I’ve always loved acting. In fact, I’ve been strolling across the stage since third grade. However, acting is the only branch of theater I delved into, or at least it was until this semester. As a theater major, one of the requirements is to fulfill four credit hours of practicum courses across three mainstage productions, which means you have to be a crew member or technician for three shows. I’ve always wanted to work in the behind-the-scenes world of a production, mainly because I’m a strong believer that you’re never too experienced to learn. So, I figured I should start as soon as possible. I was offered not only the chance to be sound board operator, but to also serve as sound designer for the theater department’s first mainstage production of the academic year, “Uncommon Women and Others” by Wendy Wasserstein, a play set in the wake of second-wave feminism. To be honest, I was initially quite hesitant due to my lack of knowledge around my exact responsibility, but I accepted the role anyway.
Basically, the job of a sound designer involved in a Connecticut College production is to be in contact with the director about their vision and ideas, do research about the show, attend a few rehearsals, and be present during technical rehearsals. As sound board operator, the only requirement is to work the sound board for each performance and stay after the final performance to work strike, which involves dismantling the set, cleaning the theater and returning it to its original state before it was altered for the show. I was truly excited about what was to come, especially since it was the first time I would be doing it.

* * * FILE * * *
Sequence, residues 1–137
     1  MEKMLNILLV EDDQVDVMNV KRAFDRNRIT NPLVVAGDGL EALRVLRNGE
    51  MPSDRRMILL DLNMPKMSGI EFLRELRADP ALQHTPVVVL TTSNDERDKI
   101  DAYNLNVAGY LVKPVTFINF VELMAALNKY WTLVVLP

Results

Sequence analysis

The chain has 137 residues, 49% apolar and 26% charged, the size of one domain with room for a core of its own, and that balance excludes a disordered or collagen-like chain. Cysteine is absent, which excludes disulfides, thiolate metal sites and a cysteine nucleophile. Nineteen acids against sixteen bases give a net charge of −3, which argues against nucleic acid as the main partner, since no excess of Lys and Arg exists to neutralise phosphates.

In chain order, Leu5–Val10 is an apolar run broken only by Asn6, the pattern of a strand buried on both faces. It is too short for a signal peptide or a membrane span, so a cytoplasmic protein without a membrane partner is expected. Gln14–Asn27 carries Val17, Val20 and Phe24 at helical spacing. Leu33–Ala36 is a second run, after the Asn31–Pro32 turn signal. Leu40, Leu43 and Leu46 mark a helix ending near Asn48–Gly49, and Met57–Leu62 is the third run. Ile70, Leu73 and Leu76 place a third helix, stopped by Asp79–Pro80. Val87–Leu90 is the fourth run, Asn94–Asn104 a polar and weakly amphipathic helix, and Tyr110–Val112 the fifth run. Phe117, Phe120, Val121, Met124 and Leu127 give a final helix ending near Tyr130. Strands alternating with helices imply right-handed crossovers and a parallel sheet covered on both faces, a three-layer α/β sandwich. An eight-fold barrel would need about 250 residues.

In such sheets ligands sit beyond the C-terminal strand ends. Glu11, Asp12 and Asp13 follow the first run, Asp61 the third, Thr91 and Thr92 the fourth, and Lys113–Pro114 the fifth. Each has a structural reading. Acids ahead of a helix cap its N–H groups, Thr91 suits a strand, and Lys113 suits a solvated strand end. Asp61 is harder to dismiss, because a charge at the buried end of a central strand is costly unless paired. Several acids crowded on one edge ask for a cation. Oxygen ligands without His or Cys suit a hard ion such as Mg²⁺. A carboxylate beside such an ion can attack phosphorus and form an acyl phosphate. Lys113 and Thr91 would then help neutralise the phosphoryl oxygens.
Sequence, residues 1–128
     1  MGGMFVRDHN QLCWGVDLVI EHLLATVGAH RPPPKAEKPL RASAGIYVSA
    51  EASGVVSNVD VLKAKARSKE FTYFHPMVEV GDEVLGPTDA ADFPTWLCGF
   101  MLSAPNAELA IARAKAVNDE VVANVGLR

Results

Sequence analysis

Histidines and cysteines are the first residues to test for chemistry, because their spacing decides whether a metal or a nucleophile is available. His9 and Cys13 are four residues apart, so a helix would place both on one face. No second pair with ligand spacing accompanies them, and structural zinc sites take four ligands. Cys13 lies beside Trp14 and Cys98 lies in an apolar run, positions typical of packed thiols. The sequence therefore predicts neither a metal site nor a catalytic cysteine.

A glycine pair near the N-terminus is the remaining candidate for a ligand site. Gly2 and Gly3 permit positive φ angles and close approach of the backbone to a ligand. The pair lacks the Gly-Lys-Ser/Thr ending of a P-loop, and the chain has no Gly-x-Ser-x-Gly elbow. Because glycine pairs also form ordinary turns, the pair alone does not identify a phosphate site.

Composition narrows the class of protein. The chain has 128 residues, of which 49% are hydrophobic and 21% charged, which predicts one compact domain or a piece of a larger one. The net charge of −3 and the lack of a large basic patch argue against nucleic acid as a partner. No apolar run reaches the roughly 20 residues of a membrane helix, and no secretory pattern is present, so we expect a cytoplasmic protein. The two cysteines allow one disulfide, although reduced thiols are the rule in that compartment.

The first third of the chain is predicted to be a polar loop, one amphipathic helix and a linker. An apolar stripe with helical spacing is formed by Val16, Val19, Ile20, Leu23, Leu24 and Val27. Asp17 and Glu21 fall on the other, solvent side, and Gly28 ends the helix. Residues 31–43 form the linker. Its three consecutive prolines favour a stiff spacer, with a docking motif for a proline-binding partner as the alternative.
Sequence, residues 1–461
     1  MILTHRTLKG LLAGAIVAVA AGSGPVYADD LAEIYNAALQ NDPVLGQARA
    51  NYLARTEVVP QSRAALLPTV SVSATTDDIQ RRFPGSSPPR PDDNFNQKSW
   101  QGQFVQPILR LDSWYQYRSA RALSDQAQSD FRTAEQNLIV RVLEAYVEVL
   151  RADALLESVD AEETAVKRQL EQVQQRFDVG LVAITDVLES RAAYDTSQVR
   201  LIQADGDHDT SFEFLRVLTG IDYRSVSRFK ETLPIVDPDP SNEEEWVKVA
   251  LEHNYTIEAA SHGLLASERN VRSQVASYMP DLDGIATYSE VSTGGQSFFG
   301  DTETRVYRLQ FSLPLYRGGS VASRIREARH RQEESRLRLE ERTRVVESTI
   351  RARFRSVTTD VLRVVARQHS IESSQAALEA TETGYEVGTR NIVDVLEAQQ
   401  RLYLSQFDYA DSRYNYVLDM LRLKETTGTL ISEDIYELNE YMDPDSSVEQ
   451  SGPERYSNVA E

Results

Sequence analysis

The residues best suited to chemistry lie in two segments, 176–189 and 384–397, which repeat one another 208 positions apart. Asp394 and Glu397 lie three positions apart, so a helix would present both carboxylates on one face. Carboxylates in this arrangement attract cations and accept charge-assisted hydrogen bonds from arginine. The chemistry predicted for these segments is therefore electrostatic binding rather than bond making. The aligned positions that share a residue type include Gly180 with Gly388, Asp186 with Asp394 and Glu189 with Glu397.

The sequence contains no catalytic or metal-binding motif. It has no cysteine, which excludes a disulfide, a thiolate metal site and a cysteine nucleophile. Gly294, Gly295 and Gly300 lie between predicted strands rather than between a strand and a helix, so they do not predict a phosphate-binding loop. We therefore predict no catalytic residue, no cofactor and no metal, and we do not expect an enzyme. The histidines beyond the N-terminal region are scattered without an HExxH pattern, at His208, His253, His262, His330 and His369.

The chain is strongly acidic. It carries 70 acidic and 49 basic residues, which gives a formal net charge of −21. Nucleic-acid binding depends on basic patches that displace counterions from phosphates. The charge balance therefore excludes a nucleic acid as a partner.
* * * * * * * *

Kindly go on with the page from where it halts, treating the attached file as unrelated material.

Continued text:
Over the course of a few weeks, I attended a few rehearsals, met with Professor of Theater David Jaffe, the director of the show and chair of the department, and listened to more James Taylor, Judy Collins, Joni Mitchell, and other artist from the 60s and 70s than I ever thought I should. On the plus side, I did find new favorites in James Taylor and Stevie Wonder, so I can’t say it was a bad experience at all. After sifting through several voice recordings (one of them of President Katherine Bergeron, who is a musicologist), about 50 songs from the 60s and 70s and tons of how-to videos on QLab (production cue software), I finally had a set list of music and cues to work with for the show.
Tech rehearsals, which involve run-throughs of the show to analyze each technical element, came and went. When songs and voice recordings faded in and out; and as the curtain call song, “Don’t Stop” by Fleetwood Mac, played for the final time, I was relieved that the show was over and I had gone through it error-free. I was also proud of myself for stepping into two roles I knew nothing about. This experience was not only rewarding in that it allowed me to see a piece of art from a new perspective, but it also opened opportunities for me for future internships and my career. And best of all, I stepped out of my normal element on the stage and wandered into a new one.